From the October 2011 issue of Startups

Going Mobile Without Going BrokeMobile applications are no longer an option for small businesses--they're a necessity. Digital research firm comScore reports that nearly 40 percent of American mobile subscribers accessed downloaded apps in June. And, according to a consumer survey conducted earlier this year by MTV Networks, 91 percent of respondents said apps expose them to new things; 77 percent compared apps to personal assistants; and 83 percent of daily mobile app users reported believing they're "addicted" to apps.

Related: The Best Mobile Apps for Business

The fundamental appeal of branded, business-centric mobile applications is clear: Whatever your company does online can also be done on smartphones, which adds portability, location targeting and other cutting-edge technological enhancements to the mix. The potential of mobile apps extends far beyond marketing. Sure, companies can leverage applications to promote their products and services, reaching on-the-go consumers looking for compelling places to shop or grab lunch. But mobile apps can also support online purchase transactions, customer loyalty programs, turn-by-turn directions and social media interactions.

Even so, more than three years after Apple first opened its App Store and two years after Google responded with its Android Market, the majority of branded apps available for download promote large, Fortune 500 businesses--not the local restaurants and retailers who stand to benefit most. Chalk that up to cost considerations: Contract app development projects alone can cost anywhere from $3,000 to $8,000, exceeding the budget of the average startup entrepreneur. And that doesn't even take into account ongoing maintenance and software upgrades.

"If you can type in an e-mail address, you can create a mobile app."
-- Michael Schneider,
Mobile Roadie

Enter Mobile Roadie. The Beverly Hills, Calif.-based firm offers an automated turnkey platform that gives its clients the ability to build and manage their own customizable iPhone and Android apps in a matter of minutes. Just upload the desired content and information, and Mobile Roadie handles the rest, including the app store submission process. Best of all, Mobile Roadie pricing begins at $499 for initial setup and $29 per month for ongoing support.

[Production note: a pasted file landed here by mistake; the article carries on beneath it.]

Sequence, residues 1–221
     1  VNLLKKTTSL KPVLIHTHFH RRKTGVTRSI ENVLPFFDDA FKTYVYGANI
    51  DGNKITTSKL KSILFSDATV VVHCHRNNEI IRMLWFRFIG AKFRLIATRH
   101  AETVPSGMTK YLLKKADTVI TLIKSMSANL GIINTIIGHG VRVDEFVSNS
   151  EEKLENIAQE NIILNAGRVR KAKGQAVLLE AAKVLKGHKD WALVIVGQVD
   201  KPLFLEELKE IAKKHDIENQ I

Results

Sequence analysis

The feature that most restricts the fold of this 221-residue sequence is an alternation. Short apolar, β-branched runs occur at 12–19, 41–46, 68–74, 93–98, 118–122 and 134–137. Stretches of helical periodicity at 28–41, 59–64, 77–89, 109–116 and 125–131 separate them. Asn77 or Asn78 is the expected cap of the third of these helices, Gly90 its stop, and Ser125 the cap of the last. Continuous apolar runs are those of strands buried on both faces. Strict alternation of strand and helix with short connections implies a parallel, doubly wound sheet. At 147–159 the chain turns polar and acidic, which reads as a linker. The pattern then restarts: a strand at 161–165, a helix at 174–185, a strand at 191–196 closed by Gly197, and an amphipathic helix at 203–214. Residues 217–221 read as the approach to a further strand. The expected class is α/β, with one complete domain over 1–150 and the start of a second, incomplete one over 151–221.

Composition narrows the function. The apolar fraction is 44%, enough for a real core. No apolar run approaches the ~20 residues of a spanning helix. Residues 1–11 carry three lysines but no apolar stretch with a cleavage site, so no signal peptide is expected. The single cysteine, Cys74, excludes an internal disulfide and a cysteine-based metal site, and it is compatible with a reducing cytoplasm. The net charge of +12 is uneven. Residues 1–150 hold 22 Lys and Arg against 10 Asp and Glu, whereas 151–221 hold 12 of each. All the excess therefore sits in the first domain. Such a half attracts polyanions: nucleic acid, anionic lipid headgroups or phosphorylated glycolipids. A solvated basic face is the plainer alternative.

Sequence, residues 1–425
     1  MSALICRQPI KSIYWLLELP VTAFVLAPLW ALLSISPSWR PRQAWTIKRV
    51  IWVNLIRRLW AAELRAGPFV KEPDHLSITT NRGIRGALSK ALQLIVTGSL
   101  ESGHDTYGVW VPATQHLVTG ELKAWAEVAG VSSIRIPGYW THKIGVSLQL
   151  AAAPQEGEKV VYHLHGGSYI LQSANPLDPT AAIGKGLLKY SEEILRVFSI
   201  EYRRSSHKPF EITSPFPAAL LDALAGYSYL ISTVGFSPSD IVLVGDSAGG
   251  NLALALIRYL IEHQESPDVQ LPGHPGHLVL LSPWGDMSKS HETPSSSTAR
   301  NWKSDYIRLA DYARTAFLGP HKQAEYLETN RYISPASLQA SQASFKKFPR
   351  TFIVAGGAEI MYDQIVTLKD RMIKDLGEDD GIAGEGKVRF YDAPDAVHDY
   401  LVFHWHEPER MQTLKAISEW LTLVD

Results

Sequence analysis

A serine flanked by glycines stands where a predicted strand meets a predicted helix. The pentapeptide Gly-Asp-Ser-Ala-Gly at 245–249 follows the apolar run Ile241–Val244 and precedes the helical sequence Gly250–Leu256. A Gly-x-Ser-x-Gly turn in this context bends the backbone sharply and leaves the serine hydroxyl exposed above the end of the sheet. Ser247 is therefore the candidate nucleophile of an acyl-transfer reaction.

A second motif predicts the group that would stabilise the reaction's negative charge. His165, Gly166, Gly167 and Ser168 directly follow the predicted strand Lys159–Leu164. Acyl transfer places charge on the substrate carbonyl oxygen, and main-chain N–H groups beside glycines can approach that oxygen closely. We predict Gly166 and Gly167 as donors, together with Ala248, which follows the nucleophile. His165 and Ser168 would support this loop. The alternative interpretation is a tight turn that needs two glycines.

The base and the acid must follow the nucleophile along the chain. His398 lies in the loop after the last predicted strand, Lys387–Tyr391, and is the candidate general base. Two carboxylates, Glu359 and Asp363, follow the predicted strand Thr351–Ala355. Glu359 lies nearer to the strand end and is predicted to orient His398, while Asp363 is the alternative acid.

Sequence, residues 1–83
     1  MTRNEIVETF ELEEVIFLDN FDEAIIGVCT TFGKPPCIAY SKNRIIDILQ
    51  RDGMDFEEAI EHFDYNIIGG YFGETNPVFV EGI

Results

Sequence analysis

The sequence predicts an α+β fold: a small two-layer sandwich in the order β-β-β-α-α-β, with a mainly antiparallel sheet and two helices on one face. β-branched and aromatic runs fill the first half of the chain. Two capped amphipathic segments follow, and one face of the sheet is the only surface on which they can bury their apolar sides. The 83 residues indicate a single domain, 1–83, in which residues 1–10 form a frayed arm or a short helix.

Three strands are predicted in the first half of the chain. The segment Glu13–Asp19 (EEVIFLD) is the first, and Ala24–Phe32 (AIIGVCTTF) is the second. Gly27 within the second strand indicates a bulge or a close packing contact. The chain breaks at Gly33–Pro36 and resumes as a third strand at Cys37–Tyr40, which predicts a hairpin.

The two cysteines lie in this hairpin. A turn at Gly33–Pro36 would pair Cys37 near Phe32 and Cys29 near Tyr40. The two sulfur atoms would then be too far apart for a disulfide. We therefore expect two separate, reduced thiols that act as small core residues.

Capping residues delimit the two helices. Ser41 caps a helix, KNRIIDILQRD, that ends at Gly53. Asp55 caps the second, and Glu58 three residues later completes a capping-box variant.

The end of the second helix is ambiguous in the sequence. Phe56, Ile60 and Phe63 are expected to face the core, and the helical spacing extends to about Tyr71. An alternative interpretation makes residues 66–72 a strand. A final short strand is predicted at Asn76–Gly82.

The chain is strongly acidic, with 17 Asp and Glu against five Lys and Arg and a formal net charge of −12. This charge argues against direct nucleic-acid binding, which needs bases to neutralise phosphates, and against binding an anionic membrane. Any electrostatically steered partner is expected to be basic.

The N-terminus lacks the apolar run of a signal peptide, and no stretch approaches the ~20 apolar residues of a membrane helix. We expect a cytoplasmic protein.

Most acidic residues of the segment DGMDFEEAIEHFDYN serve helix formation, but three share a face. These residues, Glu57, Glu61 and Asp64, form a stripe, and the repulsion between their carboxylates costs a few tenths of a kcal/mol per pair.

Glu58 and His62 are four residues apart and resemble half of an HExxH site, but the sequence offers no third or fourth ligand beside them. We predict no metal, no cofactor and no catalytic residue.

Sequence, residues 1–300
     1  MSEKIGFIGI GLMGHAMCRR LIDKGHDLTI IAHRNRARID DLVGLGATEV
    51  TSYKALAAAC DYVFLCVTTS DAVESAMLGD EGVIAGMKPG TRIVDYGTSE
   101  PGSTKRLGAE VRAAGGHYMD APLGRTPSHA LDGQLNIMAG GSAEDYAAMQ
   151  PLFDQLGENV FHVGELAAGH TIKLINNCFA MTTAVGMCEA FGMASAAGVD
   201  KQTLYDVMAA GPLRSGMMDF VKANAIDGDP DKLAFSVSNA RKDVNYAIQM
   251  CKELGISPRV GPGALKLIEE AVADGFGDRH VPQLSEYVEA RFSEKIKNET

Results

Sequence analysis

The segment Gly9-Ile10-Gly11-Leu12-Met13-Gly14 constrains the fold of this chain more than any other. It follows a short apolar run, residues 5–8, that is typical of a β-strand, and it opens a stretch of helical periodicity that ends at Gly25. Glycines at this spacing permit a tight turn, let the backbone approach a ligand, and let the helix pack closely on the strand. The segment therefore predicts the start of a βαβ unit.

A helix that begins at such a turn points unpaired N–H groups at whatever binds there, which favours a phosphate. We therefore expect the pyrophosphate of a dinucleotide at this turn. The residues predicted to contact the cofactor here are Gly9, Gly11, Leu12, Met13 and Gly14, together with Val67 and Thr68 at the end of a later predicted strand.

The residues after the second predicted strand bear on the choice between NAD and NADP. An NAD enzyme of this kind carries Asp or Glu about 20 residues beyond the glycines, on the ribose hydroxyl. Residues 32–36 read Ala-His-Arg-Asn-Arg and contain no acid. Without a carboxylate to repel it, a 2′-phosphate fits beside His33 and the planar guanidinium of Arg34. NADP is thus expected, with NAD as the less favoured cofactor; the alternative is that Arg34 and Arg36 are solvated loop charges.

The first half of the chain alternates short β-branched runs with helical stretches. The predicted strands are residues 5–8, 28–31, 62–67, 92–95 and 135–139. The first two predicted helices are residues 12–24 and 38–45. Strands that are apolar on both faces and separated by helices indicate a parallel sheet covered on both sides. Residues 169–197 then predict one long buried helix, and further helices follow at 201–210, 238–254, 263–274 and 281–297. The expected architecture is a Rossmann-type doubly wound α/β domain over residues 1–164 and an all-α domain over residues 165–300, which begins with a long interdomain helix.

Related: Why Mobile-Friendly Websites Are Critical to Your Strategy

"If you can type in an e-mail address, you can create a mobile app," says Mobile Roadie CEO Michael Schneider. "Every brand and business has its superfans--the people who are most loyal to that brand, and who go out of their way to promote it. Mobile apps enable them to promote your brand, share your content on Facebook and Twitter and be a more loyal patron and consumer."

All fledgling businesses should factor mobile apps into their plans from the outset. Creating an app using the Mobile Roadie platform is the easy part. Knowing what you want the app to do--and which consumer segments you wish to reach--can pose a bigger challenge.

Here are five lessons all smartphone savants must learn:

1. Know what message you want to send. "Before you start working on your app, make sure you know what you're selling, what you're about and the look and feel you want, like your logo colors and font," Schneider says. "You also need to know what content you want to put in. You can integrate your app with your blog or your YouTube channel, but that only works if you have existing content."

2. Understand your audience. "Mobile applications are where people are going to interact with their favorite brands, but you have to know what your customers are interested in," Schneider says. "Apps allow for new kinds of user experiences and a different community feel than the web, which results in real engagement and commerce opportunities. Fans and users spend more money in apps compared to websites, and they come back more. But you have to drive loyalty, whether that's by pushing messages or having visual content."

3. Clarify what you want your app to achieve. "Whether or not an app is successful depends on the goal," Schneider says. "Is it the total number of downloads, or how often people are coming back? How responsive are customers when offers are pushed out? How viral is your content? Or is it how many people are opting in and giving you their e-mail address?"

4. Forget about BlackBerry, Win-dows Phone and Palm. As of June, Android controlled 40.1 percent of the U.S. smartphone market, and Apple's iOS captured 26.6 percent market share. Both are growing each month. Their rivals are fading fast. "iPhone and Android are all that matters. Everything else is irrelevant," Schneider says. "Entrepreneurs don't have to think it's one or the other. With Mobile Roadie, you can do the work once and launch your app on iPhone and Android. It's not cost-prohibitive, so there's no reason not to do both."

5. Fasten your seat belt. "Small businesses can really take advantage of the perception that apps are only for large companies," Schneider says. "Home Depot has an app, but people don't expect Joe's Hardware to have an app. It's an impressive thing for any business to have, like a website was 20 years ago. It sets your company apart, and it puts you on the same playing field as the big boys."